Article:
On Friday, Nov. 8, the most powerful typhoon in recorded history made its first landfall in the Philippines. The National Disaster Risk Reduction and Management Council claims at least 1,774 people have died since Super Typhoon Haiyan struck the island nation; this number is expected to rise considerably over the days and weeks to come. According to UN estimates, another 11 million people have been directly affected by the storm, including more than 670,000 Filipino citizens who have been displaced from their homes.
Now, a worldwide relief effort is underway to aid to the survivors of this devastating typhoon. Clean drinking water is a major concern among aid workers, as contaminated water systems have greatly increased the risk of dehydration and water-borne illnesses (such as cholera, dysentery, and typhoid fever) within affected populations. Among those working to mitigate this issue is Waves for Water (W4W), an organization that supplies water filtration systems to victims of natural disasters across the globe. This week, W4W will kick off its relief effort in the Philippines by installing 200 filtration units to supply roughly 20,000 people with clean water.
We discussed W4W’s Super Typhoon Haiyan relief project with the organization’s founder, Jon Rose, who flew to the Philippines last week and is currently working with local officials to assess short- and long-term needs.
Brad Nehring: How has Waves for Water assisted natural disaster victims in the past?
Jon Rose: Over the past four years we have worked on almost every major global disaster: earthquakes and tsunamis in Indonesia, Haiti, Japan, and Chile; mega-floods in Pakistan, India, and Brazil; and specifically our comprehensive initiative in response to “Super-Storm Sandy” here in the U.S. Needless to say, we feel quite equipped to not only respond to these types of events, but do so quickly and efficiently.
BN: What can you tell us about the type of water filtration system that Waves for Water will provide to typhoon victims?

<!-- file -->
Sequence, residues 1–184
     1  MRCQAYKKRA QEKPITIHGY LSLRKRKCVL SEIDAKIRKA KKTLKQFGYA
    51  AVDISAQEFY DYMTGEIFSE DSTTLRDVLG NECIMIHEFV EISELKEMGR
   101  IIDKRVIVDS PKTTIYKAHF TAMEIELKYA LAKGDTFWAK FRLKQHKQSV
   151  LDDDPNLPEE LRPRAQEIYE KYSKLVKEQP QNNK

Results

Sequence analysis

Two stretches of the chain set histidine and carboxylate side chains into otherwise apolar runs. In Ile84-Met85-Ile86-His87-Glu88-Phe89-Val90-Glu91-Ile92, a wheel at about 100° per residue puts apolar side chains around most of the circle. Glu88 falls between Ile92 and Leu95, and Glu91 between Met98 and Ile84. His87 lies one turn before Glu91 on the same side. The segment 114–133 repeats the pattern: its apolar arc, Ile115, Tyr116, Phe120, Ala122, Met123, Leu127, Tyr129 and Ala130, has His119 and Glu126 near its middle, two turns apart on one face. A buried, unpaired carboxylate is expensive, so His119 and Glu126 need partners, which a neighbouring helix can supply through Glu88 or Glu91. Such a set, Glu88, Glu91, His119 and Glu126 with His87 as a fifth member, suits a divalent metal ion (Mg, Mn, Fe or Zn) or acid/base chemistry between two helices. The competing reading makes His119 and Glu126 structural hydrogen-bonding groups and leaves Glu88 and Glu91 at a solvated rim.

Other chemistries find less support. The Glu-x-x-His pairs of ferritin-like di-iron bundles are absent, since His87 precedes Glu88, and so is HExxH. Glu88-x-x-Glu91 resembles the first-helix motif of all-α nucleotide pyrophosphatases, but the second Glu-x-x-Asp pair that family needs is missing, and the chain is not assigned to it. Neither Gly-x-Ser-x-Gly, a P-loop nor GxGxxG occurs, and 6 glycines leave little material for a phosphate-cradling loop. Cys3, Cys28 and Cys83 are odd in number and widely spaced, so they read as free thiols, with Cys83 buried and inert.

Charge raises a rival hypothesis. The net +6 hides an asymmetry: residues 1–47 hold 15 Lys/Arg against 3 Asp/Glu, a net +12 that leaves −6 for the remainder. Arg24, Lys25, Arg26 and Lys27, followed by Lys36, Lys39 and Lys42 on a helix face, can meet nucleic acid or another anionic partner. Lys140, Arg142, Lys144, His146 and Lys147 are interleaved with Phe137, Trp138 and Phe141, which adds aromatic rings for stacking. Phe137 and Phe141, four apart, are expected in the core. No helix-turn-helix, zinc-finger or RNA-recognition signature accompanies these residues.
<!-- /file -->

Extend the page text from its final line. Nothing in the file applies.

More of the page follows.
JR: The MVP Filter is the lightest and most versatile filtration system we offer. It has the potential to impact 100 people per filter and the filter life is about 1 million gallons. We have used these exact bucket filtration systems in almost ever corner of the world and the measurable impact they have is unparalleled. The main challenge with the global water crisis is not a question of technology, but rather a question of access and ultimately, that is exactly what our program is designed to do ― provide access.
BN: How does Waves for Water plan to assist these affected populations, in terms of both short- and long-term needs?
JR: Our initial goal with any project like this is to help mitigate some of the immediate suffering by providing victims with access to safe water. Then, as we have boots on the ground and start to establish our networks, we will implement long-term programs that can be managed and built upon locally.
BN: Is Waves for Water working with any other organizations on this project?
JR: For the initial launch Waves For Water has support from fellow disaster relief organization Reach Out WorldWide (ROWW) and key supporter Hurley H2O.
BN: Where can people donate money to support this cause?
JR: Donations can be made online.
So far, the organization has raised more than $80,000 from online donors for the Super Typhoon Haiyan relief project. For more information about the organization’s efforts in the Philippines, please visit the official Waves for Water website.